Vilhelm Lauritzen was one of Denmark’s most important architects and a father of Danish Modernism. Today, many of his projects remain as lasting examples of what was then a new and revolutionary approach to architecture in which form followed function.
Vilhelm Theodor Lauritzen was one of Denmark’s most important architects and a father of Danish Modernism. Today, many of his projects remain as lasting examples of what was then a new and revolutionary approach to architecture in which form followed function. Throughout his career, he maintained that architecture should be an applied art that serves all, not just the privileged few. Among Lauritzen’s most famous and acclaimed works are Copenhagen Airport’s first terminal (1939), which is now known as the Vilhelm Lauritzen Terminal, Radiohuset broadcasting building in Frederiksberg (1945), Vega music venue in Copenhagen (1956), and the Danish Embassy in Washington D.C. (1960).
Vilhelm Lauritzen was born on 10 September 1894 in Slagelse, Denmark. He graduated high school from Sorø Akademi in 1912 and from the Royal Academy of Fine Arts School of Architecture in Copenhagen in 1921. The following year, he founded Tegnestuen Vilhelm Lauritzen (today Vilhelm Lauritzen Architects).His study trips to Spain and Greece had a great influence on his later work, including his first major commission, the department store Daells Varehus, which was a competition he won in 1922 in association with architect Frits Schlegel.
His designs express a clear idea that spaces and shapes should last for generations. To fully appreciate how groundbreaking his architecture was, it should be viewed in context with his contemporaries. Architecture has long focused on the shapes and ornamentation of buildings. Vilhelm Lauritzen’s approach was more one of usability. With his free thinking and focus on functionality, he created such simple, highly functional solutions that at first glance one risks overlooking his genius.
When Lauritzen began designing the first airport terminal in Kastrup, Copenhagen in 1936, commercial aviation was still in its infancy. There was no model for what an airport should look like. With his functionalist approach, he divided the building into an airside and a landside. The entrance and traffic along the building were situated towards the landside, while air traffic and gates were located along the airside. And today, this is still how the vast majority of the world’s airports are designed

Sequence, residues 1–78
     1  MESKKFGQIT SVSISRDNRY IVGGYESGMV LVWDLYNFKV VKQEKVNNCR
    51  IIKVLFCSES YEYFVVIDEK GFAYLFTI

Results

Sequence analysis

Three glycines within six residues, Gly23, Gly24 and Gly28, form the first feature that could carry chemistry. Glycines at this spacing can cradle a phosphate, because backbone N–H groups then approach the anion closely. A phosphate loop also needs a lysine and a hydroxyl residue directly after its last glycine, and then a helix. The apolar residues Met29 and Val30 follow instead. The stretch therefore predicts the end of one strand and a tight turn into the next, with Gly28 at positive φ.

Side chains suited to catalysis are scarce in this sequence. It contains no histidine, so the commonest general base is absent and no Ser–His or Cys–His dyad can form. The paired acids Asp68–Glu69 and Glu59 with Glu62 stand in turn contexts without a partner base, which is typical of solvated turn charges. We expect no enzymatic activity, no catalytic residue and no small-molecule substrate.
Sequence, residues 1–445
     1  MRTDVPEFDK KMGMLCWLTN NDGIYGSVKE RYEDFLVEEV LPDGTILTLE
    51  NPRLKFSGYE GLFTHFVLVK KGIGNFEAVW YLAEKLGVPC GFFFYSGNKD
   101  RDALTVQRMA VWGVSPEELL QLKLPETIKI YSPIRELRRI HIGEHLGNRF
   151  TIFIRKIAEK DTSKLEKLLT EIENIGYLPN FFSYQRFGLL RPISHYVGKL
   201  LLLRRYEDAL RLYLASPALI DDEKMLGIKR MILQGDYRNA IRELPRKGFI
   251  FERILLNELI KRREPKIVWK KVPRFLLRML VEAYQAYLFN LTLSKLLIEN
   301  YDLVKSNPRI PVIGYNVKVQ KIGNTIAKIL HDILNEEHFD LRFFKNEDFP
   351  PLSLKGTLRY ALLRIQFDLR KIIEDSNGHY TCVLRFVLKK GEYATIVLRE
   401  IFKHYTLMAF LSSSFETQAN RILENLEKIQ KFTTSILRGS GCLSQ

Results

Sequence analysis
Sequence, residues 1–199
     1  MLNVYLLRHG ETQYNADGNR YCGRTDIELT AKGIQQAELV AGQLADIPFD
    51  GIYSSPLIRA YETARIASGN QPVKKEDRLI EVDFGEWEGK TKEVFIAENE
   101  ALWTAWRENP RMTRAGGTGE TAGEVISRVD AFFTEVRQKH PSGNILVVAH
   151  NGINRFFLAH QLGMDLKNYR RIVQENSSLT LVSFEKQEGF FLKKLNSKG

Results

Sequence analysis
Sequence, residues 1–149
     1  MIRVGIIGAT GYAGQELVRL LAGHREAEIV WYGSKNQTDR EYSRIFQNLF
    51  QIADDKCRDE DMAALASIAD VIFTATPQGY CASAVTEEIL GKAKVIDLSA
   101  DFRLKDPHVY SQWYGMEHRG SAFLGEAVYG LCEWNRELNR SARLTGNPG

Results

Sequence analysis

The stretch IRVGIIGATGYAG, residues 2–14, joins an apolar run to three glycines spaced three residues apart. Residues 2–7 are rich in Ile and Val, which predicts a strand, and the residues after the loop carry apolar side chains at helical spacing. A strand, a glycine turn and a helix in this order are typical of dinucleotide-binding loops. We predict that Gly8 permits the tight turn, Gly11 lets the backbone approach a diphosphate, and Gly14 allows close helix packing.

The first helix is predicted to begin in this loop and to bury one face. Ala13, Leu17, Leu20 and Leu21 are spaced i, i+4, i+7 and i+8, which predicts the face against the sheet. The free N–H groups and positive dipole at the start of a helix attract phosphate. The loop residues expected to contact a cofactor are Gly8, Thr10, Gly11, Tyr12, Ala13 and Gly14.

Another of Lauritzen’s most famous works is Radiohuset from 1945. Today, it is heritage listed as an internationally recognized total design, comprehensively conceived from the inside out – from furniture and door handles to its Modernist typology. The building is one of the most accomplished examples of Functionalism, where the various functions, such as the foyer, concert hall, and offices, are recognizably represented in the shape of the building itself. The sound studios are designed as Chinese boxes, where walls and foundations are created without parallel walls to provide optimal acoustics and soundproofing.
The building expresses a sense of timelessness and durability, and the detailing of the design is exceptionally dedicated. The façade is made of durable sandstone, whereas the interior is rendered in Greenlandic marble, brass, and teak hardwood, which still retains its beauty. This is also the case with the foyer ceiling where cowhide is stretched over mineral wool. Today, the corridors are still filled with music from the students of the Royal Danish Academy of Music.
Lauritzen's Modernist talent also included interior design, where he created everything from door handles, ashtrays, and railings to lamps, sofas, and chairs. Several of the furniture pieces were designed in collaboration with architect Finn Juhl, who was employed at his design studio for 11 years, from 1934 to 1945.
Vilhelm Lauritzen became a Knight of the 1st degree of Dannebrog and was awarded the Eckersberg Medal in 1941, the C.F. Hansen medal in 1954 and the Academic Architects’ Association Medal of Honour in 1964. He died in Denmark at the age of 90, in 1984.